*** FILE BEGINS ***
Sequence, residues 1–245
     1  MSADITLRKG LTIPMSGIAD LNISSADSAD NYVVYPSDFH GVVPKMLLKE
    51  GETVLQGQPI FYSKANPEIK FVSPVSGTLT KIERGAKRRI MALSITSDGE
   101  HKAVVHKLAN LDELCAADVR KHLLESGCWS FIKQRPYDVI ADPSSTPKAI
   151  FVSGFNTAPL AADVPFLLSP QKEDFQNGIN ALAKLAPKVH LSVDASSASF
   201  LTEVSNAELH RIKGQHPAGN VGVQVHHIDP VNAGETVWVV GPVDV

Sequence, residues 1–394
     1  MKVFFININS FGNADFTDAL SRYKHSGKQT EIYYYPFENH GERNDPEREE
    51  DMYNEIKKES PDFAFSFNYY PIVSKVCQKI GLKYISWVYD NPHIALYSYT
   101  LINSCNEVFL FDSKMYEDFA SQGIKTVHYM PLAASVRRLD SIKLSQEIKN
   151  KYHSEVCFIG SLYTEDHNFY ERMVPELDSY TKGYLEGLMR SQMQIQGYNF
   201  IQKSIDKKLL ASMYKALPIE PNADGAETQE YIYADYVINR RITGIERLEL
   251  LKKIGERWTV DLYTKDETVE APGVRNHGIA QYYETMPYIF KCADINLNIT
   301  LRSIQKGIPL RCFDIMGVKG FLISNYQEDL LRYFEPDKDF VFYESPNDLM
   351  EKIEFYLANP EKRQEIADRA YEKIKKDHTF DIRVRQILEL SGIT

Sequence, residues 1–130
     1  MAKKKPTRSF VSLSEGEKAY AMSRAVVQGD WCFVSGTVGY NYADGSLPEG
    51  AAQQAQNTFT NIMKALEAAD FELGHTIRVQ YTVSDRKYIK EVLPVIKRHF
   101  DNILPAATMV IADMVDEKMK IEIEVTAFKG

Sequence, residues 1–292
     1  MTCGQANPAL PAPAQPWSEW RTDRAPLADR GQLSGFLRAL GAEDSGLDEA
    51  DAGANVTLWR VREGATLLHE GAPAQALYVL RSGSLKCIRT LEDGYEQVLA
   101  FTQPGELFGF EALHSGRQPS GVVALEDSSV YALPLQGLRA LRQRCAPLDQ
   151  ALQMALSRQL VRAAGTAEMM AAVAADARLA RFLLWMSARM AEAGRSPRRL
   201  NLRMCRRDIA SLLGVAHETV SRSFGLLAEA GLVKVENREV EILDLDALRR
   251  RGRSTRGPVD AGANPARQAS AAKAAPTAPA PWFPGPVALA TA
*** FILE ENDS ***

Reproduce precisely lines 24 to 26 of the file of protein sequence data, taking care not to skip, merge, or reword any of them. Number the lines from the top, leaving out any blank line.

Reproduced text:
   151  ALQMALSRQL VRAAGTAEMM AAVAADARLA RFLLWMSARM AEAGRSPRRL
   201  NLRMCRRDIA SLLGVAHETV SRSFGLLAEA GLVKVENREV EILDLDALRR
   251  RGRSTRGPVD AGANPARQAS AAKAAPTAPA PWFPGPVALA TA